Whereas future Claimants in denial of justice cases will surely rely upon Chevron v. Ecuador as the benchmark for the measurement of damages, it would have been gratifying had the Tribunal’s analysis on this point been more elaborated. “Systematically undercompensate” looks more like a conclusion than a reason. But the reason is fully apparent: once the international tribunal has decided the state court claim as a surrogate state court, in order to measure damages for the BIT violation or denial of justice, the Claimant’s loss is not the chance to prevail on the claim in the domestic court but the value of a victory in that court.

The Alter Ego Doctrine and Foreign Sovereign Immunity

Monday, April 12th, 2010

Dear Readers
My general website carries a commentary on an important new decision of the federal district court in Manhattan permitting attachment and execution against funds of the Argentine Central Bank at the New York Federal Reserve Bank, to satisfy bondholders’ judgments against the Republic of Argentina.
Click through to my general website at the bottom of this window.
Kind regards.
Marc Goldstein

Chevron-Texaco v. Ecuador: A Partial Report on the Partial Award on the Merits

Thursday, April 8th, 2010

Readers of Arbitration Commentaries may generally rely upon its principal author to read cases from beginning to end before reporting upon them in this corner of Cyberspace.

But whereas the Arbitral Tribunal in Chevron-Texaco v. Republic of Ecuador has seen fit to deliver a Partial Award on the Merits that runs to 265 pages, it is hoped that you will gratefully receive this interim report (based upon reading up to page 134 of the Partial Award) together with a promise that there will be more to come.( Here is a link to the full text of the Partial Award:

Chevron-Texaco brought claims under the 1997 U.S.- Ecuador Bilateral Investment Treaty, seeking redress for the fact that seven breach of contract claims against Ecuador for substantial sums were intractably snarled in the Ecuador judicial system. In general, the contract disputes related to allocation of energy production between the domestic market at domestic prices, and what Chevron-Texaco and its predecessors in interest would retain to sell in the world market at much higher prices.

The broad thematic basis of the claim in arbitration was denial of justice (“DOJ”) under customary international law, consisting of DOJ resulting from alleged unreasonable delay in the adjudication of the contract cases, and DOJ resulting from alleged manifestly unjust decisions by the Ecuador courts.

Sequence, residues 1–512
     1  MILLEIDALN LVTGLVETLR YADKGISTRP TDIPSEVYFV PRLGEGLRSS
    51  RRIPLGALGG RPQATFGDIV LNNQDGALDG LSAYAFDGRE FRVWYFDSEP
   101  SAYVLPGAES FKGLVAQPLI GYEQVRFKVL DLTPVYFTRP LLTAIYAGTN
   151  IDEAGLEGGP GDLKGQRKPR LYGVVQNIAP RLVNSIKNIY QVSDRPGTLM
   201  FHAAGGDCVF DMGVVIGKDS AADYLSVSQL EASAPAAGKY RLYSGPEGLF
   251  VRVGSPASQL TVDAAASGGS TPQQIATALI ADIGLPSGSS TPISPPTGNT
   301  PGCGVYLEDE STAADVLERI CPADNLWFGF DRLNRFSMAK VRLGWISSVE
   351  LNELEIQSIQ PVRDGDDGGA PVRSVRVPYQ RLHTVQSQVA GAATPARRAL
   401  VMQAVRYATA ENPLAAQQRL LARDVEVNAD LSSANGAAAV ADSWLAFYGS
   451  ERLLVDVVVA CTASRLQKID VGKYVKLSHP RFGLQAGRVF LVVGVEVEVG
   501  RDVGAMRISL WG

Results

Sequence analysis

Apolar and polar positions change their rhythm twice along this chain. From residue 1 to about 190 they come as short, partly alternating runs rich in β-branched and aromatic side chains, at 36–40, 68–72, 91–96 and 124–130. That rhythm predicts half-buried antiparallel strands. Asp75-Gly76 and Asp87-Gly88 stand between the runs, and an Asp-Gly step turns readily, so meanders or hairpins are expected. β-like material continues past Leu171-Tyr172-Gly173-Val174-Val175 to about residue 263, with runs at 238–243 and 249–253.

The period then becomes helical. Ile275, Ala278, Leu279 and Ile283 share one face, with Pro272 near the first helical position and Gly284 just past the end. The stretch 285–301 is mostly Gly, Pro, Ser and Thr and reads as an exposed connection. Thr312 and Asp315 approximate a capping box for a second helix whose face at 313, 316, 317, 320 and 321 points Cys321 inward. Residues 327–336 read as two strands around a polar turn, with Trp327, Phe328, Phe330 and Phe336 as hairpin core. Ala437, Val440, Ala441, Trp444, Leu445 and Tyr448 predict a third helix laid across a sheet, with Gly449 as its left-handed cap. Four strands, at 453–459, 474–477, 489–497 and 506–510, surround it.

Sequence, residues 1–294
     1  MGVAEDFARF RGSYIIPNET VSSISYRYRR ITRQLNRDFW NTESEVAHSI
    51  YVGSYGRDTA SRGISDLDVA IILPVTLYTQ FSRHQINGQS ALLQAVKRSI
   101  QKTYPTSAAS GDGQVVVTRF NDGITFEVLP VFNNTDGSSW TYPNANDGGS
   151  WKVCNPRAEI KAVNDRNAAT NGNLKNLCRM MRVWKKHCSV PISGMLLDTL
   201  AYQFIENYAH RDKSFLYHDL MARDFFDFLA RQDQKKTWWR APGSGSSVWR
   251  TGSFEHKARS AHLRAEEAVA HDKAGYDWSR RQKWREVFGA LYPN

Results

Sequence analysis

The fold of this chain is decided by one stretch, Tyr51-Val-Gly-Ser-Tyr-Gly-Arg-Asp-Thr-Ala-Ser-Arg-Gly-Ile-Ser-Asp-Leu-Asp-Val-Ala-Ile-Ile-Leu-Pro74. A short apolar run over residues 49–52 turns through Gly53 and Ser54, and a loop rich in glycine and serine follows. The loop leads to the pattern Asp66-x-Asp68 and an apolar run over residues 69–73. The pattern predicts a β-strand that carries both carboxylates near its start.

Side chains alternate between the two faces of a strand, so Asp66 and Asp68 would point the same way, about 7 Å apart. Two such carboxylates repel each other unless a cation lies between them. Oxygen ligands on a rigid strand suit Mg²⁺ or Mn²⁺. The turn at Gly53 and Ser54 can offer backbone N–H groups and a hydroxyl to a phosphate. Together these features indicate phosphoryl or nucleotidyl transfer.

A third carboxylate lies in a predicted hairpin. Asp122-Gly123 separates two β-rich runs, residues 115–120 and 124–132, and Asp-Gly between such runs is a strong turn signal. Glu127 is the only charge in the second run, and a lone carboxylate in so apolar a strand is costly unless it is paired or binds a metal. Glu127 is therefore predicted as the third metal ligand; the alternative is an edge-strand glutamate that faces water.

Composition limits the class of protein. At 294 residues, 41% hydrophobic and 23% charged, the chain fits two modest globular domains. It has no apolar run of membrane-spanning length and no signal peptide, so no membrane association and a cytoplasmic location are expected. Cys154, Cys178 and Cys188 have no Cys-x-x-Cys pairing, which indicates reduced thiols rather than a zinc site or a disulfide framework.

As alternative and additional theories of relief, Chevron-Texaco asserted violations of several provisions of the BIT: notably those that require “fair and equitable treatment,” “full protection and security,” avoidance of “arbitrary and discriminatory measures,” and, of particular importance to the outcome, Article II (7) of the BIT which required Ecuador to provide the investor with “effective means” of asserting claims (hereinafter, the “Effective Means Clause”).

The Tribunal examined the history of the Effective Means Clause in this BIT and related US BIT practice and found that it “was created as an independent treaty standard to address a lack of clarity in customary international law regarding denial of justice.” Per the Tribunal, the Effective Means Clause “constitutes lex specialis and not a mere restatement of the law on denial of justice,” and is a “distinct and potentially less demanding test” than DOJ under customary international law.

Here the Tribunal holds that one dimension of the duties arising from the Effective Means Clause is that the State must provide the Investor “with means of enforcing legitimate rights within a reasonable amount of time.” That treaty obligation was breached by Ecuador, the Tribunal holds, by reason of unreasonable delay in the adjudication of the seven breach of contract cases in the Ecuador courts, each of which had been pending at least 13 years and in some instances as long as 15 years, at the time of the Notice of Arbitration. Noting that the length of delay is not necessarily sufficient to reach a conclusion that the delay is unreasonable, the Tribunal cited “prolonged periods of inactivity” in nearly all the cases, especially prolonged periods of inactivity lasting many years after the close of evidentiary proceedings.

The Tribunal concludes that no adjudication of the other BIT claims — DOJ, fair and equitable treatment, full protection and security, arbitrary and discriminatory measures — is necessary, because no additional damages beyond those compensable for breach of the BIT’s Effective Means Clause were claimed by Chevron-Texaco.

… A further report will follow.